Oleg Znarok is arguably the defining coach of the KHL era. His achievements for club and country stack up alongside other greats such as Vyacheslav Bykov and Zinetula Bilyaletdinov — but unlike those two, Znarok, now 57, established himself as a top-class coach after the league was formed in 2008.
He first came to prominence when he took an unheralded MVD to the 2010 Gagarin Cup Final and was one win away from denying Bilyaletdinov’s Ak Bars a second successive title before falling in game seven. MVD merged with Dynamo Moscow, Znarok moved to the capital and promptly emulated Bill’s achievement, winning back-to-back titles in 2012 and 2013. His success was all the more striking since it was achieved with relatively few star names and owed much to a well-drilled team designed to get the best out of the available players. For those who bought into the system, Znarok proved an inspirational leader; for those intimidated by a gruff, demanding personality, a swift exit usually followed.
The following season saw Znarok replace Bilyaletdinov as Russia’s head coach and he duly won the World Championship in Minsk in emphatic style, putting a smile back on the face of the national team after the disappointment of the Sochi Olympics. Here was proof that he could get the best out of superstars as well as fashion a team from less celebrated players. For a time, Znarok focussed solely on international hockey, but the lure of day-to-day work with a team brought him back to the KHL in 2016-17 as head coach of SKA. Immediately he took the Petersburg team to the Gagarin Cup — his third time as league champion. He followed Bykov to become the second man to coach two clubs to the big prize and is the first to reach the Grand Final with three different organizations. In total, he has more than 600 games behind the bench in the KHL, and more than 300 wins.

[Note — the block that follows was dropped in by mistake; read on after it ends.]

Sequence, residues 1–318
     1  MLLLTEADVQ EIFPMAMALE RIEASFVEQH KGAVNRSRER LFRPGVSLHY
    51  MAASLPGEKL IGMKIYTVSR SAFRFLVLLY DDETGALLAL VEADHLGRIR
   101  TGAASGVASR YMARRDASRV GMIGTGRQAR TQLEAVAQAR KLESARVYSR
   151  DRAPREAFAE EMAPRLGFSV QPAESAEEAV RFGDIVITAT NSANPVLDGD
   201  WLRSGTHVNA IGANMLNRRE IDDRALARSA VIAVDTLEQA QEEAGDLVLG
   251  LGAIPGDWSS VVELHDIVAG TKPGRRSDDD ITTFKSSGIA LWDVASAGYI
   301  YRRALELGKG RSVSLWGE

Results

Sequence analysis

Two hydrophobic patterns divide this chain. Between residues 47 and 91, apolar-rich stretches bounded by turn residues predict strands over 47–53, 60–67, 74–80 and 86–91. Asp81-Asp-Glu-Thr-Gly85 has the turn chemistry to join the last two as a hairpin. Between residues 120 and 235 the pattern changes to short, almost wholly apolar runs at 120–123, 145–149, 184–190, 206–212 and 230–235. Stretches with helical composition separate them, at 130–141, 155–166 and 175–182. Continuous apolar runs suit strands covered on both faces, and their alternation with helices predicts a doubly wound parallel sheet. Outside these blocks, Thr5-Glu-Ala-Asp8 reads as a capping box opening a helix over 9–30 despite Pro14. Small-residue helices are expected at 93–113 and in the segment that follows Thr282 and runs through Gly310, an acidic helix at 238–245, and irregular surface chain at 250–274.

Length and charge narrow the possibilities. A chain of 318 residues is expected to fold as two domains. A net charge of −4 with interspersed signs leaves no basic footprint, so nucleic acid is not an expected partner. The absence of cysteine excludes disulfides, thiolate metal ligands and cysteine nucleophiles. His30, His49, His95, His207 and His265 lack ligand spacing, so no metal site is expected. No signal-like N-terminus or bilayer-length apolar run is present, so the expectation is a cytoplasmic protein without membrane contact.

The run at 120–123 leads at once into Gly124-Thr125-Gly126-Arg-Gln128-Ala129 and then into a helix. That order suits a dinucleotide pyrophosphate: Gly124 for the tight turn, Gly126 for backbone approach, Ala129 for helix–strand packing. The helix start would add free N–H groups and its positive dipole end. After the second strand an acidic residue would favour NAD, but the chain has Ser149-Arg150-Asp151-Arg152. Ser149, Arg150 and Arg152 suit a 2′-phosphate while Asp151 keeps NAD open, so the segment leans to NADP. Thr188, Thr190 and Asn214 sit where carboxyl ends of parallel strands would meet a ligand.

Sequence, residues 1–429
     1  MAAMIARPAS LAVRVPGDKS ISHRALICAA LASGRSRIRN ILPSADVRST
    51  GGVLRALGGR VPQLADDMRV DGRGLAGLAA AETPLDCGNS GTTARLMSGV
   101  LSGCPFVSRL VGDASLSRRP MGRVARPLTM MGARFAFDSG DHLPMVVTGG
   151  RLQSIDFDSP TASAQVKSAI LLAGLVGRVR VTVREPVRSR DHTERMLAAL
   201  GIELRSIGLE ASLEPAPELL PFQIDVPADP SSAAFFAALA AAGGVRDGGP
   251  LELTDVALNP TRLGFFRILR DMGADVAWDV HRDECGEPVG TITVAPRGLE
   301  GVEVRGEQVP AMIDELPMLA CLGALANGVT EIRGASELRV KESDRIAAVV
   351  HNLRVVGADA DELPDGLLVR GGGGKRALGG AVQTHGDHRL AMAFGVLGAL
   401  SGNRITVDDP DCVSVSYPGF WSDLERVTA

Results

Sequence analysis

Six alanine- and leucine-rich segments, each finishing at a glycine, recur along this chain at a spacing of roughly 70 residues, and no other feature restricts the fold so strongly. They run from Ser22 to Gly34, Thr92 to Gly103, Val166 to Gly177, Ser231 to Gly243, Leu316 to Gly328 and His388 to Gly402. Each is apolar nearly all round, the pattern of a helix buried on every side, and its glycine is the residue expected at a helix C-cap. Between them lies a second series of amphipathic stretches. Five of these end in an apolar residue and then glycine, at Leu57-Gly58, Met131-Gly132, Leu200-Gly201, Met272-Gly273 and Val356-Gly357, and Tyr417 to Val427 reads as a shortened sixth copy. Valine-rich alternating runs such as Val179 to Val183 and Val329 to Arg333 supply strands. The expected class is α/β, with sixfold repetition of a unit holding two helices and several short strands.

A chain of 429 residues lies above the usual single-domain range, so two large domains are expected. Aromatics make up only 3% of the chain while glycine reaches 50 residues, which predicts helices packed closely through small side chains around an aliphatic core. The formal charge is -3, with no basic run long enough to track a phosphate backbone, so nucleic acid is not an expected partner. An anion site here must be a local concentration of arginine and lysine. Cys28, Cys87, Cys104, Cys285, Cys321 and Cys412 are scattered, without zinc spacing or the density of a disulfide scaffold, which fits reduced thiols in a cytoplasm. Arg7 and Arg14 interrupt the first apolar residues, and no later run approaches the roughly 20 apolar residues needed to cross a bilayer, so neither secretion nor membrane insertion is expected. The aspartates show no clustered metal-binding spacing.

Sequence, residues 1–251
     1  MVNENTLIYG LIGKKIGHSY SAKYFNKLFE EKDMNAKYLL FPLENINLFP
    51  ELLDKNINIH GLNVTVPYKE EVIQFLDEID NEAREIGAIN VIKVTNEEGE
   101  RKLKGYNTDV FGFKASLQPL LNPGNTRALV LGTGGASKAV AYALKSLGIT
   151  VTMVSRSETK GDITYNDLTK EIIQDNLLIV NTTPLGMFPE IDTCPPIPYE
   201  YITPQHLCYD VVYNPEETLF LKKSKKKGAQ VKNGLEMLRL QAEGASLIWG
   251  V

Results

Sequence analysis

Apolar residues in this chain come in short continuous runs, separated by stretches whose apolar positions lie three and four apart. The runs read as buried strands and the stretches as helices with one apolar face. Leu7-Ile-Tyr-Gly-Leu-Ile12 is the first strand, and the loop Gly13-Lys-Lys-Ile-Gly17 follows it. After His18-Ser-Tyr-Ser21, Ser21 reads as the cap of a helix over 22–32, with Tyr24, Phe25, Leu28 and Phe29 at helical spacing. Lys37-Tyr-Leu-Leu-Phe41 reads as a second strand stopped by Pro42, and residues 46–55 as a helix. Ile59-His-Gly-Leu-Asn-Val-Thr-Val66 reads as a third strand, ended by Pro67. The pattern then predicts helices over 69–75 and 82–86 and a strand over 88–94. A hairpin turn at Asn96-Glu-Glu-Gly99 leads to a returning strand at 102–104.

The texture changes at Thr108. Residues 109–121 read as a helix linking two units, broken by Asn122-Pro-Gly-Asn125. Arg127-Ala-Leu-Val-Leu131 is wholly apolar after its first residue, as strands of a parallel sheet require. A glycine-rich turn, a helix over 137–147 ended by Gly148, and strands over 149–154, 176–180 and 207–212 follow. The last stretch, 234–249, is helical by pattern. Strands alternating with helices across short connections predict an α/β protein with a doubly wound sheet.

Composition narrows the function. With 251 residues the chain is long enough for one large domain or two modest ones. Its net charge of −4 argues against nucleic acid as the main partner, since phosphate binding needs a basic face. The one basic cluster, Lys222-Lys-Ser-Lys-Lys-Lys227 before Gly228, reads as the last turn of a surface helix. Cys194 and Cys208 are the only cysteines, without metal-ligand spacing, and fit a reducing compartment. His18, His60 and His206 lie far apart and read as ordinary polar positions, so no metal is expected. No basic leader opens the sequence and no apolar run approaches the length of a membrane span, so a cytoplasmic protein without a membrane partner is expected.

Next came Olympic glory in PyeongChang and, after a year’s sabbatical, Znarok returned to hockey as head coach of Spartak for the 2019-20 season. His first campaign with the club saw signs of the traditional hardworking Znarok hockey philosophy shaping the team. He was halted by Dynamo in the final game before the lockdown but, after a season assessing the Red-and-Whites’ needs and shaping the roster to his liking, few would bet against Znarok taking Spartak deep into post season next time around.
Like Znarok, Dmitry Kvartalnov began his coaching career in the KHL. Unlike Znarok, he’s still waiting to get his hands on the Gagarin Cup. To date, CSKA’s defeat to Metallurg in the 2016 Gagarin Cup final is the closest this 54-year-old has come to winning the big prize, although he had the Army Men on top of the regular season table for three consecutive seasons during his spell in Moscow. But the current Ak Bars head coach, a veteran of more than 600 games and 300+ wins, has made a greater mark due to his work with young talent.
Indeed, that’s the reputation that has persuaded one of Kazan’s most promising youngsters to come back home. Alexander Khovanov progressed through the club’s youth system but opted to move to North America as a 17-year-old. With Kvartalnov behind the bench at Ak Bars, he’s come back. “I heard a lot about how Dmitry Kvartalnov works with his players, how he develops them,” said the 20-year-old forward. “We talked, and I trust him. When I went across the Atlantic, the club’s relationship with its youth players was very different: I just didn’t see a chance to step up. But now, everything has changed.”
Kvartalnov’s reputation dates back to the start of his KHL coaching career in Cherepovets. Kvartalnov took over at Severstal in October 2009 and remained with the club until 2012. In that time, he nurtured the likes of Bogdan Kiselevich and Vadim Shipachyov, Vasily Koshechkin and Maxim Chudinov, all of whom went on to win top honors for club and country. It was a similar story at Sibir, where Konstantin Okulov, Stepan Sannikov and Sergei Shumakov all blossomed under Kvartalnov’s watch. In three seasons at CSKA, Kvartalnov produced a team that came close to winning the Gagarin Cup before a move to Lokomotiv and more time polishing that reputation as a great developer of young talent. Last season saw him at Ak Bars, where he finished on top of the Eastern Conference and looked well placed for a long run in the playoffs before the season came to a halt.